The Mountain States region is showing signs that it could beat a double dip recession, according to the September report of the Goss Institute for Economic Research.

But the business confidence index has slumped to a recessionary level, according to the report. And there are some economic indicators that are not looking great. For example, 28 percent of supply managers surveyed for this month’s report said they expect layoffs in the months ahead, with 72 percent anticipating flat or positive growth.  In December 2010, only 7 percent anticipated layoffs.

“Clearly the job outlook has deteriorated even in this part of the country,” said Ernie Goss, director of the Goss Institute for Economic Research.

In Colorado, the state’s leading economic indicator dipped slightly for September.  The overall index, termed the Business Conditions Index, for September declined to 51.9 from 53.8 in August.

“Manufacturing employment has expanded at a solid pace over the past year,” Goss said.  “Likewise, firms have increased the hours worked for current employees. Our surveys point to continued economic expansion in the state for the rest of 2011.”

For the 23rd straight month, the overall index for the three-state area of Colorado, Utah and Wyoming, advanced to 57.8 from 56.8 in August.  An index of 50 is considered growth neutral and the overall index, or Business Conditions Index, is a mathematical average of indicators such as new orders, production or sales, employment, inventories and delivery lead time.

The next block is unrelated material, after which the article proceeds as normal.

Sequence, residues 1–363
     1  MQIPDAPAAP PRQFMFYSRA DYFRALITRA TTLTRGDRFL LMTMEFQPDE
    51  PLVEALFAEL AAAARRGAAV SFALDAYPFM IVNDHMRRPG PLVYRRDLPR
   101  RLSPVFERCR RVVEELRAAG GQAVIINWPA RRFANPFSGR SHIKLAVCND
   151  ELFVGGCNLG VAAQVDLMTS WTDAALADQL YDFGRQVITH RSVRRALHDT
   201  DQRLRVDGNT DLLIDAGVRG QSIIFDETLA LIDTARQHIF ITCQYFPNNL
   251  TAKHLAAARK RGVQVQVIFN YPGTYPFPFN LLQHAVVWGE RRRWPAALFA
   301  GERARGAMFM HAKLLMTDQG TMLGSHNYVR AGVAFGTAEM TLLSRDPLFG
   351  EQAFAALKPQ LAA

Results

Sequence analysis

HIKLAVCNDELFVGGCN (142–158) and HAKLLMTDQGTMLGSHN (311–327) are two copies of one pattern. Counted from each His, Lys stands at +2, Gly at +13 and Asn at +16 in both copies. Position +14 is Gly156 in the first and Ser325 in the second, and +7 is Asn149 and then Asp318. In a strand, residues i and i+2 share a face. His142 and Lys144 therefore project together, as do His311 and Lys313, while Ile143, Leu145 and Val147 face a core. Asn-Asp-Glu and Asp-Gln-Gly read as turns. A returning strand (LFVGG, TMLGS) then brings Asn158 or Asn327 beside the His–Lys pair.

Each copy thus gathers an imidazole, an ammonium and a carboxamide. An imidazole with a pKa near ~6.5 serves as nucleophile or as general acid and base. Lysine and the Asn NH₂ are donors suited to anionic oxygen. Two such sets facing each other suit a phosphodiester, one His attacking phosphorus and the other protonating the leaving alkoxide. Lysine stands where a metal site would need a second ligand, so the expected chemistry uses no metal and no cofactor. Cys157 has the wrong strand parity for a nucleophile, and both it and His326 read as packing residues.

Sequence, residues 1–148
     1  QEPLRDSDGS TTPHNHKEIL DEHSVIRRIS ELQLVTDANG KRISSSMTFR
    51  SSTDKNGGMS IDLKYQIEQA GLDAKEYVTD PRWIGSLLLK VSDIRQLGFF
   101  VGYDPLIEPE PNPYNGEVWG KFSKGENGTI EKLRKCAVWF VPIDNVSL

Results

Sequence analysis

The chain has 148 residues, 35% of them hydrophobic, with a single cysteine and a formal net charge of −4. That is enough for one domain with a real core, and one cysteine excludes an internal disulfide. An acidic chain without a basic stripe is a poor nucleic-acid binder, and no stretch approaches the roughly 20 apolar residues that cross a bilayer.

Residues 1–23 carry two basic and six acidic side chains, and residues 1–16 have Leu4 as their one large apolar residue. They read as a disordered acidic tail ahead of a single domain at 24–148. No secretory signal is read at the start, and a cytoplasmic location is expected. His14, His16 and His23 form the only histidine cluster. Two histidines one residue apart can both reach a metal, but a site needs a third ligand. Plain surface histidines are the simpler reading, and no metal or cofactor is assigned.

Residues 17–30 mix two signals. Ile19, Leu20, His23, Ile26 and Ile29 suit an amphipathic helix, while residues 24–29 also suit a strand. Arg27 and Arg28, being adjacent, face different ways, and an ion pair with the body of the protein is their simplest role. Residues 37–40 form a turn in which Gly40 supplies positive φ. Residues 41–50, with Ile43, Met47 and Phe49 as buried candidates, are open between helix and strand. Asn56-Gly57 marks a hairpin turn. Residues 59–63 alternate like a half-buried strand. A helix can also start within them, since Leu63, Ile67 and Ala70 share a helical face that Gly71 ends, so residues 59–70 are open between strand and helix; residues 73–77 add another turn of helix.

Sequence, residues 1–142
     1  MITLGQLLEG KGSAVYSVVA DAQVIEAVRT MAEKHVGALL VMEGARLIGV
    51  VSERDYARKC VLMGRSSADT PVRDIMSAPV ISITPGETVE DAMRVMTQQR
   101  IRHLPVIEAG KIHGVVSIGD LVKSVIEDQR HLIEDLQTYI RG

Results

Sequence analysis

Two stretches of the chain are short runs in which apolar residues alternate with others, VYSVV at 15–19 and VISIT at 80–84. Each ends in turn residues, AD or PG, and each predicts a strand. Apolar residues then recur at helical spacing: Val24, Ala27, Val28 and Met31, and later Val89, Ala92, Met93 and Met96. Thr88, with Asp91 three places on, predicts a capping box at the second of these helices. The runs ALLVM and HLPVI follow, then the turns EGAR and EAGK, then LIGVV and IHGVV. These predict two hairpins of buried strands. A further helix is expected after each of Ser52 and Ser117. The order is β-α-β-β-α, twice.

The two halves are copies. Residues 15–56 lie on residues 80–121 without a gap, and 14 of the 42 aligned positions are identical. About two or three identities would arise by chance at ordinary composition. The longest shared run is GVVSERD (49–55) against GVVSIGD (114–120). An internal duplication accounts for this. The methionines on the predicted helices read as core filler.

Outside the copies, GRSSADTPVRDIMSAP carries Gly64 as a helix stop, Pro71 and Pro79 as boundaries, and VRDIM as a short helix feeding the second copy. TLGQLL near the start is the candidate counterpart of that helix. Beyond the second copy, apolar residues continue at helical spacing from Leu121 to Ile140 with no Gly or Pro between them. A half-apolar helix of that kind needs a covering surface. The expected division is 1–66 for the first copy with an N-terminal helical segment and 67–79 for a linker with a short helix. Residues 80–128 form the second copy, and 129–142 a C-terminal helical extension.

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Supply managers in the three-state region added to inventories of raw materials and supplies for the month, which remains an important growth factor, Goss said. Other components of the September Business Conditions Index were new orders at 60.5, down slightly from 60.6 in August; production or sales at 60.7, up from 58.9; and delivery lead time at 56.7, up from 51.3 in August.

“National data indicate that the U.S. economy is teetering on an economic recession,” said “On the other hand, the Mountain States region continues to expand with little evidence of an impending recession. Businesses with close ties to agriculture and energy continue to expand and add jobs at a healthy pace.”

In the Mountain States, the September employment index slipped to a still healthy 56.4 from August’s 57.6 and July’s 56.2, Goss said.

“While job growth in the U.S. has been virtually nil over the past several months, firms in the Mountain States region continue to add jobs at a healthy pace according to our surveys,” said Goss.

Looking ahead six months, economic optimism, captured by the confidence index, slumped to 42 from 44.5 in August and 50 in July.

“It is clear that the economic uncertainty engulfing Europe and the U.S. have dampened the economic outlook of supply managers in the region.  Even though the regional economy continues to grow, supply managers remain concerned about the likely impact of a U.S. recession,” said Goss.

October survey results will be released on November 1.